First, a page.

Copyright protects the original works of authors for their life time, plus 70 years. There are some exceptions for anonymous, pseudonymous, or works made for hire which last for 95 years from its first publication or for 120 years from the works inception depending on whichever happens first.
Under the Fair Use Doctrine, certain conditions must be met in order to use copyrighted material without receiving permission or paying royalties to copyright holders. Acceptable use of the Fair Use Doctrine can be determined by meeting four fundamental factors:
- Purpose and character of the use, for non-commercial use
- Nature of the copyrighted work
- Amount and substantiality of the portion used in relation to the copyrighted work as a whole, and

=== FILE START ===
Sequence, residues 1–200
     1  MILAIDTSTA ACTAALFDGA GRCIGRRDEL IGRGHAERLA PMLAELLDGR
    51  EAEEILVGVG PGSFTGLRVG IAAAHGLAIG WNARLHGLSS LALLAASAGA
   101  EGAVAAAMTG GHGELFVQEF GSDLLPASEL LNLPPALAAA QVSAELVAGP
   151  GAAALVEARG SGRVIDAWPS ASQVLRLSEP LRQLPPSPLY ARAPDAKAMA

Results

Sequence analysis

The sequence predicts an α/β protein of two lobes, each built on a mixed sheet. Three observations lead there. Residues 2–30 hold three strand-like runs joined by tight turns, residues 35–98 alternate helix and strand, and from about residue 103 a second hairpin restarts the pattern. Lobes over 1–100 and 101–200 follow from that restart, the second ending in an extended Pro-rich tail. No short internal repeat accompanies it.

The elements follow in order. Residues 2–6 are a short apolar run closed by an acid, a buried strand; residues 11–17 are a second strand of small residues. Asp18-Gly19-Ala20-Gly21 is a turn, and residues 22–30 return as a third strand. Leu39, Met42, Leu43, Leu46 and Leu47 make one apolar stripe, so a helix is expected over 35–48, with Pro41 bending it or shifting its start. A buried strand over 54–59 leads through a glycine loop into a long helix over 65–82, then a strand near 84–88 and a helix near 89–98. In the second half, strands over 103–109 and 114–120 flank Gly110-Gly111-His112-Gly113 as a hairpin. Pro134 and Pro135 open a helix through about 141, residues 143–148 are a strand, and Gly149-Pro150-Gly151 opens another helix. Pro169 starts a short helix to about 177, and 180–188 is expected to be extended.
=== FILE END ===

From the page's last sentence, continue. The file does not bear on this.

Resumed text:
- The effect of use on the potential market. ("U.S. Copyright Office." Copyright, https://www.copyright.gov.)
These guidelines, can help to discern what uses are considered fair use. However, there are exceptions to the rule.
You can use the Fair Use Evaluator to determine the "fairness of a use under the U.S. Copyright Code.
For more in-depth information visit MS State Libraries Research Guide on Copyright & Fair Use or the U.S. Copyright Office.
"Fair Use Fundamentals" by Yippa/ CC BY SA 4.0